Hang gliding mid 1980s


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Hang gliding mid 1980s

This page follows Hang gliding early 1980s part 2.

Art based on a photo by Hugh Morton of the 'mile high swinging bridge' at Grandfather Mountain, North Carolina

Art based on a photo by Hugh Morton of the ‘mile high swinging bridge’ at Grandfather Mountain, North Carolina

Art based on a photo by Ann Welch of Russian trucks at the European championships in July 1986

Art based on a photo by Ann Welch of Russian trucks loaded with hang gliders at the European championships in July 1986

It’s a duck…

Art based on a photo by Connie Lee Bowen of Quentin Flerant in a Wills Wing Duck

Art based on a photo by Connie Lee Bowen of Quentin Flerant in a Wills Wing Duck (no larger image available)


Wills Wing at last released their first enclosed cross-tube design, the Duck. Notice how, in the photo of the Duck at full speed level flight, the trailing edge of the sail is held in a reflex curve by lines to the top of the king post (reflex bridles) and tip struts not attached to the sail, but firmly attached to the leading edge tubes.

At Ager in northern Spain in 1999 I met a German pilot still flying a Duck. It had appropriately vintage colours: Brown and yellow sailcloth. I asked why he flew such an old glider. He explained that he had tried newer wings, but he liked his Duck better.

See my page Sport Kites/Wills Wing of California.

Bennett delta wing

Art based on a photo by John Zurlinden of John Ryan in a Bennet Streak (designed by Bob England) at Torrey pines, San Diego

Art based on a photo by John Zurlinden of John Ryan in a Bennett Streak (designed by Bob England) at Torrey pines, San Diego

Seedwings

Art based on a photo by Seedwings designer Bob Trampenau of Jerry Sturmer flying a Seedwings Sensor in 1986

Art based on a photo by Seedwings designer Bob Trampenau of Jerry Sturmer flying a Seedwings Sensor in 1986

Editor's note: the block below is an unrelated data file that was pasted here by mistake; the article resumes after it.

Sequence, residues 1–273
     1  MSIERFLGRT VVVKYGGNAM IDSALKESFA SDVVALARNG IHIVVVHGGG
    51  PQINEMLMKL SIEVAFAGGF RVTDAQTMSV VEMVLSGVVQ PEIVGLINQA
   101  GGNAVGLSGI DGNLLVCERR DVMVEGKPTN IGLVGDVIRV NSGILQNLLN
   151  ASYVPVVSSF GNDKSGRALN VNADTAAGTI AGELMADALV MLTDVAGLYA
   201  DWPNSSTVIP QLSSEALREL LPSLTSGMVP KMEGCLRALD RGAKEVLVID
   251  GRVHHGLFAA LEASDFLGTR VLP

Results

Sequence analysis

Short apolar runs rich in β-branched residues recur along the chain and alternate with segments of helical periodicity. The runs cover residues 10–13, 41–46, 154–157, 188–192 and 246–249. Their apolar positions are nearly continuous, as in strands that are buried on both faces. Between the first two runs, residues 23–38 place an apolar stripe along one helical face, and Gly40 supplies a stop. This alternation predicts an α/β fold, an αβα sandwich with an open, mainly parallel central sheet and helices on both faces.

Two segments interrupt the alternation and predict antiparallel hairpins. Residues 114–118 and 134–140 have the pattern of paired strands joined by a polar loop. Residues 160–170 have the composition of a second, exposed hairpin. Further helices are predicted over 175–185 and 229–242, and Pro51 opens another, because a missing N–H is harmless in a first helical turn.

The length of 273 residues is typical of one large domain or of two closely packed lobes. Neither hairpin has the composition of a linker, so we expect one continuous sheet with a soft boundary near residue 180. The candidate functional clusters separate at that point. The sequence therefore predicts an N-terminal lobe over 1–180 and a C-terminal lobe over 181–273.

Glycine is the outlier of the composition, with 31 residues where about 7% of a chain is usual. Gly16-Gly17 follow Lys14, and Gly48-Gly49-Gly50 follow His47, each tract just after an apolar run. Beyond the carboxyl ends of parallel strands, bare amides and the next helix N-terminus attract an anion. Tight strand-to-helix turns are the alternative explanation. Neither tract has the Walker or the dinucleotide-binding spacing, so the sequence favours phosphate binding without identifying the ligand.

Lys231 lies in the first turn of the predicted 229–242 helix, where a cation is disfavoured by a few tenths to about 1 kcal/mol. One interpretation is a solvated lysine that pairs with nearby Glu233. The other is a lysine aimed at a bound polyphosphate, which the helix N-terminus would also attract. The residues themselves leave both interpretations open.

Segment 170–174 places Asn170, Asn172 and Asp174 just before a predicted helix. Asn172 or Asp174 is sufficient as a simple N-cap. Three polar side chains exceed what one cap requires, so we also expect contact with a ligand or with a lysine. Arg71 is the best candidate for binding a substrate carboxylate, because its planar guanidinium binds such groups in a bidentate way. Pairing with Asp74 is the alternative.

Here, the exceptionally clean lines of the Seedwings Sensor are evident.

Seedwings of Santa Barbara, California, is a separate entity from the manufacturer of the same name in Europe.

Art based on a photo by Bob Trampenau of Erik Lothe flying another Sensor in 1986

Art based on a photo by Bob Trampenau of Erik Lothe flying another Sensor in 1986

Art based on another photo by by Bob Trampenau. This is John Coyne flaring a Seedwings Sensor.

Art based on another photo by by Bob Trampenau. This is John Coyne flaring a Seedwings Sensor.

One of the greatest hang glider designers, Bob Trampenau, turned out to be a great photographer too.

Bob Trampenau in about 2007 from Big Blue Sky by Bill Liscomb

Bob Trampenau in about 2007. Screenshot from Big Blue Sky by Bill Liscomb.

La Mouette

Art based on a photo by David Klutho of Gerard Thevenot flying a Mouette Hermes in the USA in 1986

Art based on a photo by David Klutho of Gerard Thevenot flying a Mouette Hermes in the USA in 1986

According to industry expert Dan Johnson writing in Hang Gliding, July 1988, the largest manufacturer then was Gerard Thevenot’s La Mouette, which made 1,800 gliders in 1987. Here is the contemporary production hierarchy of manufacturers according to Johnson’s research:

  1. La Mouette (France)
  2. Polaris (Italy)
  3. Airwave (UK and USA)
  4. Wills Wing (USA)
  5. Moyes Gliders (Australia)
Gerard Thevenot and Bill Lishman

Gerard Thevenot and Bill Lishman (no larger image available)

The image of Gerard Thevenot and Bill Lishman is a screenshot from the documentary Operation Migration – Birds of a Feather shipped with the DVD containing the movie Fly Away Home, Columbia Pictures, 1995 (see my review).


This topic continues in Hang gliding late 1980s.

External link

Big Blue Sky — The history of modern hang gliding – the first extreme sport! by Bill Liscomb on YouTube

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